I saw that you sometimes choose locations to paint where you're technically not supposed to, even though some graffiti artists have pivoted to work largely on commissioned pieces. Is that an important part of your philosophy, to keep doing art in illegal places?
Yeah, I think of the saying, "the medium is the message." Legal pieces inherently say less, as there was no risk in creating that work. But to see someone take the risk of arrest or falling to create? You've got to be crazy, brave, and mean what the fuck you are saying and doing. Both [legal and illegal places] are valid, but illegal work packs a punch. To me, taking risk in art is especially important now. For fun, beauty and politics.
Your piece in the Brooklyn Museum made the point that LGBTQ activism started as rebellion and as a form of vandalism. Has the 50th anniversary of the Stonewall Riots and conversations about corporate Pride made that idea more important to you this year?
Exactly. Pride has gotten corporate as hell, and more and more divorced from its roots. I'm not saying pride should be a riot every year. But these rainbow flag binches need to know that people before them fought for their comfort. It's important to remind people who look down on Black Lives Matter or other groups that take direct action, that [those activists] are doing the same thing that won us some of the rights we have now. And the advertising around Pride is ridiculous. If I see another rainbow Crest toothpaste ad, I'm going straight. I doubt the board of Procter & Gamble cares if trans people are getting fair housing.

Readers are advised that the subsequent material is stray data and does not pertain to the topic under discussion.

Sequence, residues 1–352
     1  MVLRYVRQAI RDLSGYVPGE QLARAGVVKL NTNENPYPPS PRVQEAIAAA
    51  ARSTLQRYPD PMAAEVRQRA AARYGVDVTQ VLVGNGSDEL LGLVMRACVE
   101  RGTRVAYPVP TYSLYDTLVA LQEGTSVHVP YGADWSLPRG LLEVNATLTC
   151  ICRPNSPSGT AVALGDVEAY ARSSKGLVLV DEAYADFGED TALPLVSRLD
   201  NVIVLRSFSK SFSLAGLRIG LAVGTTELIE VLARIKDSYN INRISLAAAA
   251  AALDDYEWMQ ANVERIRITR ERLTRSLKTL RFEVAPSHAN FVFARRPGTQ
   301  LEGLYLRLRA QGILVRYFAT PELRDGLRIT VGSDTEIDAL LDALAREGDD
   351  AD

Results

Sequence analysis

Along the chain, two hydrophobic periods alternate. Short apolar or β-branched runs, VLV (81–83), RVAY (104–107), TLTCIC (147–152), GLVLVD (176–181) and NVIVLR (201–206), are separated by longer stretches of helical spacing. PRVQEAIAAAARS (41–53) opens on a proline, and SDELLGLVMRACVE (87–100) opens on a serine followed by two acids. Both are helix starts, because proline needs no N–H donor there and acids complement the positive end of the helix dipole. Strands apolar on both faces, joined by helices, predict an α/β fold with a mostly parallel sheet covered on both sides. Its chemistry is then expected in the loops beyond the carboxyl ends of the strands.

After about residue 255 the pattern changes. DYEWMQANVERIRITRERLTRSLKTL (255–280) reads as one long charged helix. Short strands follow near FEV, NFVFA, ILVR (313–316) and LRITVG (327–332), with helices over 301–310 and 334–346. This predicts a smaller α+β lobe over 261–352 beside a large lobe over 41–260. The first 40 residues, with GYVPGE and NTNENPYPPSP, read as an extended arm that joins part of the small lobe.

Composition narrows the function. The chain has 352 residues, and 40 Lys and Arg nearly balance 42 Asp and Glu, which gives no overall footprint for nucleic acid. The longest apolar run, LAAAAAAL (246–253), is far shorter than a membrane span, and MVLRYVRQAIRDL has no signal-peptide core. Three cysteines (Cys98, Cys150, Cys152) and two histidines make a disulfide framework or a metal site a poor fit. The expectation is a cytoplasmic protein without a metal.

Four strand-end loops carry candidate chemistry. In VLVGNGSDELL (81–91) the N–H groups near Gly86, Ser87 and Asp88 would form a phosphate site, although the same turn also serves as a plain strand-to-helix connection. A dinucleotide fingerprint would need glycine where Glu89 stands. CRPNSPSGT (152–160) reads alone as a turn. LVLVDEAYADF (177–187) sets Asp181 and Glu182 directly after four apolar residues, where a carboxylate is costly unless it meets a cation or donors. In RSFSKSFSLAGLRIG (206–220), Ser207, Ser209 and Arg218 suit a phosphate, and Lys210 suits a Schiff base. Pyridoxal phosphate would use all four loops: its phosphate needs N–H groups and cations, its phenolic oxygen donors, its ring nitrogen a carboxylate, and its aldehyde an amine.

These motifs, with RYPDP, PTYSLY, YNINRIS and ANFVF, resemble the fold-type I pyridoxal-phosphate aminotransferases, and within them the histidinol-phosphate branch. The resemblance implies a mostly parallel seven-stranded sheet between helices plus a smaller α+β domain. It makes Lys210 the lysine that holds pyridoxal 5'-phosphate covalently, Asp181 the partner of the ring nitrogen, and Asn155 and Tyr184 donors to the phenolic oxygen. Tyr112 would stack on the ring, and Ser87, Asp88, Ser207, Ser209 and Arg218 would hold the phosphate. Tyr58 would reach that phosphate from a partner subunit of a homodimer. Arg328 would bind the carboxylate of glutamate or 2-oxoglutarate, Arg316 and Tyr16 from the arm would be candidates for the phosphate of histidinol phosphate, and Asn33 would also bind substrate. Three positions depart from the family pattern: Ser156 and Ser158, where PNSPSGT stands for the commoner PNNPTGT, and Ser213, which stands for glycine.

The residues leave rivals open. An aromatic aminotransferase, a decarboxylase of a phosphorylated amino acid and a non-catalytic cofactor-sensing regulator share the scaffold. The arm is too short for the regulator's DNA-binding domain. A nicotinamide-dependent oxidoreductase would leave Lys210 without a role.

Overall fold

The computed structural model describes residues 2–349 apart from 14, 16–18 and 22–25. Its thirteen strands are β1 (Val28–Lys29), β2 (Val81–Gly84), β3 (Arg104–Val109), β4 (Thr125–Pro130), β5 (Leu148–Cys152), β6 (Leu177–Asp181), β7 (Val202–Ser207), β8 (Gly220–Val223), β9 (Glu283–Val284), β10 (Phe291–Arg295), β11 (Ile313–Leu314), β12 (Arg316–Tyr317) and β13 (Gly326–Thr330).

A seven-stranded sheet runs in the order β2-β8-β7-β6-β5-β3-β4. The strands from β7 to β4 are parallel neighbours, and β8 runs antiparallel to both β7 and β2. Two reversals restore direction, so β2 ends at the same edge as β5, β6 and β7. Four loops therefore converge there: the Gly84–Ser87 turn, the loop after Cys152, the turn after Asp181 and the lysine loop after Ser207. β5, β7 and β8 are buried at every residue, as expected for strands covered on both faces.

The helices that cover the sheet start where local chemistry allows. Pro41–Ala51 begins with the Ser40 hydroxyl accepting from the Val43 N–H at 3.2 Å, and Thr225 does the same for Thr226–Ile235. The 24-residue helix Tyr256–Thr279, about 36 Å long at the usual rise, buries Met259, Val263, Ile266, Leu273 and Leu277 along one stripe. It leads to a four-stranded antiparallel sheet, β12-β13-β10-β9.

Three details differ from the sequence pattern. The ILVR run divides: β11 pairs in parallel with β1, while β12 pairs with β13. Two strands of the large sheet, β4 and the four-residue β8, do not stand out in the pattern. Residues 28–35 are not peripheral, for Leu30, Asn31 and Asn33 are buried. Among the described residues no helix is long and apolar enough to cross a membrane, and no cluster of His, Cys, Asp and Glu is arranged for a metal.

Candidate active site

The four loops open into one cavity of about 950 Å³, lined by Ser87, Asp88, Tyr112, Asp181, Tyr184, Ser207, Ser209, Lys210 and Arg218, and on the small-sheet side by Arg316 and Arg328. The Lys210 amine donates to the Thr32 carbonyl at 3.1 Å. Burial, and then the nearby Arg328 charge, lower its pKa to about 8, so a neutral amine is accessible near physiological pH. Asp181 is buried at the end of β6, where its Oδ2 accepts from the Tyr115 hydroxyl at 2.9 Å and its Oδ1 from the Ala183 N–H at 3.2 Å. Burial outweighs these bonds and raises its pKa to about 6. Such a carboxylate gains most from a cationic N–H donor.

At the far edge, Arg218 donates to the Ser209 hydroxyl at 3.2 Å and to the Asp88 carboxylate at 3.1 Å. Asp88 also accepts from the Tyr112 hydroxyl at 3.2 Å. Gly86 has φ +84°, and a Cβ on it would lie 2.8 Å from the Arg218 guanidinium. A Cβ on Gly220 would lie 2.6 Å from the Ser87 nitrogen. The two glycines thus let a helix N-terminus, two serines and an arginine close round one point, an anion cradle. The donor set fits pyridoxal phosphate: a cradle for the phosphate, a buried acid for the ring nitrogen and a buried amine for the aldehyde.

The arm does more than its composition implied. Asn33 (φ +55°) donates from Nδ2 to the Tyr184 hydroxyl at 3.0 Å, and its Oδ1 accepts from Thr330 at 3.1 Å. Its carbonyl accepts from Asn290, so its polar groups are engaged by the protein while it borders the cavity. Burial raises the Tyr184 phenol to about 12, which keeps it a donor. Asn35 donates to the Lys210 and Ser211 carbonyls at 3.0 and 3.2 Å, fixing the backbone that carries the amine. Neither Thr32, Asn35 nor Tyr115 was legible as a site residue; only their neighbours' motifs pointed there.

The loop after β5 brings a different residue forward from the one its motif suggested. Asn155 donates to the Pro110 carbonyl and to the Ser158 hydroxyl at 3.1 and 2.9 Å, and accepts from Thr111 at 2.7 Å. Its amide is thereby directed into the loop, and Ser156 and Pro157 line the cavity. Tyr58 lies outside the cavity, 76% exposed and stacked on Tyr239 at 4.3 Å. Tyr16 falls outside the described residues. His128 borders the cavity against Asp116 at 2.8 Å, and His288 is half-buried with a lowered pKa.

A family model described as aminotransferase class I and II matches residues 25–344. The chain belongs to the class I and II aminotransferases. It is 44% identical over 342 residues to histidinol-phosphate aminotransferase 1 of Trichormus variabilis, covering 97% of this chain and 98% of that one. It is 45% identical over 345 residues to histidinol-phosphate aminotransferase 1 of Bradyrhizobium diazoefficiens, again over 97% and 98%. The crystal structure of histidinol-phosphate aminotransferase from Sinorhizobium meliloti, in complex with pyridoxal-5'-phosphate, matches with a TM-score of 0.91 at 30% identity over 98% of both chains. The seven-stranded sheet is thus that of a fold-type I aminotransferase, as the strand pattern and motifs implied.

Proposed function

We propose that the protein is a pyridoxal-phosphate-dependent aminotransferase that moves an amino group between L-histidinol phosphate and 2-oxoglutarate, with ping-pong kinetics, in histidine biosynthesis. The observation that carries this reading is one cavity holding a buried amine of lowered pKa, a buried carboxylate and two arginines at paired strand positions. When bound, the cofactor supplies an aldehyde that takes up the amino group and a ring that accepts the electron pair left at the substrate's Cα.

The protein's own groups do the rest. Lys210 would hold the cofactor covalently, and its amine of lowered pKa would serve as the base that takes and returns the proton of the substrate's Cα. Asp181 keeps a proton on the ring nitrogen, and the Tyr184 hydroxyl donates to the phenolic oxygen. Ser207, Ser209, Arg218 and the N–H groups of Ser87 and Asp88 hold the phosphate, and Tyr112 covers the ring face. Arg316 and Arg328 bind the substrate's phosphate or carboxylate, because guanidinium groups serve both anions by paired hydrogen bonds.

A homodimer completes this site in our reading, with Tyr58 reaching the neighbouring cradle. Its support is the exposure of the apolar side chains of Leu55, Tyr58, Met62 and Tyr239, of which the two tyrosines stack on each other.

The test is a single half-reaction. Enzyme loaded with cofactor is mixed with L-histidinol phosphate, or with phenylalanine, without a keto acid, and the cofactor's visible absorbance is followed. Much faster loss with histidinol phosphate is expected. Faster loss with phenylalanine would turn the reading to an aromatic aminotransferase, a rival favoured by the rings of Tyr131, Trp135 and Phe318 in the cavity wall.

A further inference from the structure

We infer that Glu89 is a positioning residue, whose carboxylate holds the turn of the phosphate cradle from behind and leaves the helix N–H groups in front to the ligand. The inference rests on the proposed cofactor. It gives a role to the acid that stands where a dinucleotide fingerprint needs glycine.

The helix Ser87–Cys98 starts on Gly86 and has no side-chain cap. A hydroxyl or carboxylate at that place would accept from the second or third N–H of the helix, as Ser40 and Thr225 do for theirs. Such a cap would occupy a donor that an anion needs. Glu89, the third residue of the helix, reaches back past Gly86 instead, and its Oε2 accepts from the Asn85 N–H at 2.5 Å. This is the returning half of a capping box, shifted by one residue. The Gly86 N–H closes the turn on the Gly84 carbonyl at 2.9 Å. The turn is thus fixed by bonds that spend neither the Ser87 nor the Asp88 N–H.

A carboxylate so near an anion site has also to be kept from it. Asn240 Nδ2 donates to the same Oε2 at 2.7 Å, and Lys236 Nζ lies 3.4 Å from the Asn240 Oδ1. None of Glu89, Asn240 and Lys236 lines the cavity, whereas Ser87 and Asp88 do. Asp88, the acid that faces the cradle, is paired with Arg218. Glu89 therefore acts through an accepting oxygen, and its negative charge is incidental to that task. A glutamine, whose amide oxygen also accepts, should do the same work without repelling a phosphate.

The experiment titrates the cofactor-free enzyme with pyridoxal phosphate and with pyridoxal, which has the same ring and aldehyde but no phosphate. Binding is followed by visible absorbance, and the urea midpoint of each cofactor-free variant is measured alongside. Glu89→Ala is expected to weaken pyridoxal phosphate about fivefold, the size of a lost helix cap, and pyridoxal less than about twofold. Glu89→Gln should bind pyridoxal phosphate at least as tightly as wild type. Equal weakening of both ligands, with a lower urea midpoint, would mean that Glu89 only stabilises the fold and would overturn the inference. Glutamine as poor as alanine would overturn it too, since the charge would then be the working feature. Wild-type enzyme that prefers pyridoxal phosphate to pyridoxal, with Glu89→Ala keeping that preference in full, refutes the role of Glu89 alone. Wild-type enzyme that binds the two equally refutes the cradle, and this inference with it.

Do you have a favorite piece you've done or a piece with an interesting backstory to it?
This has to do more with the location, but it played out like a mystery novel. I went to a public arts high school in Manhattan, and had a drawing class one day where an unassuming substitute teacher in glasses walked in and slammed a large portfolio on the table. He said, "Ok class, we're not drawing today—instead, we're looking at some of mine." He takes out these large charcoal drawings of homeless people living in the Freedom Tunnel––the Amtrak tunnel that leads north out of Manhattan [in Riverside Park in Harlem]. Lots of people lived there. It's named after the graffiti writer Chris 'Freedom' Pape, who did massive spraypaint versions of classical paintings all up and down it. Back then, we would smoke weed and paint down there to avoid the residents. But our teacher showed us dark pictures of the homeless people who lived there sitting around fires, and humanized them with stories explaining what led some of them to live there. It left a major impression on me, and after that I would go down there to paint and bring food, alcohol, and water to whoever I ran into.
Years later, my sibling sent me a comic about the writer Freedom, because they knew I spent time in the tunnel. The story involved him painting, but also occasionally working as a courtroom sketch artist, and suddenly it clicked. I realized our substitute teacher was actually Freedom. I emailed Freedom, thinking maybe I was crazy, and he replied in an hour. He said I was the first to figure it out, and that he got fired from my high school after that day. But it felt great to tell him that he made an impact on at least one student that day. I always said it was the only class I remember from high school. Amazing to think in a city the size of New York, a coincidence, a comic, could connect two artists a generation apart.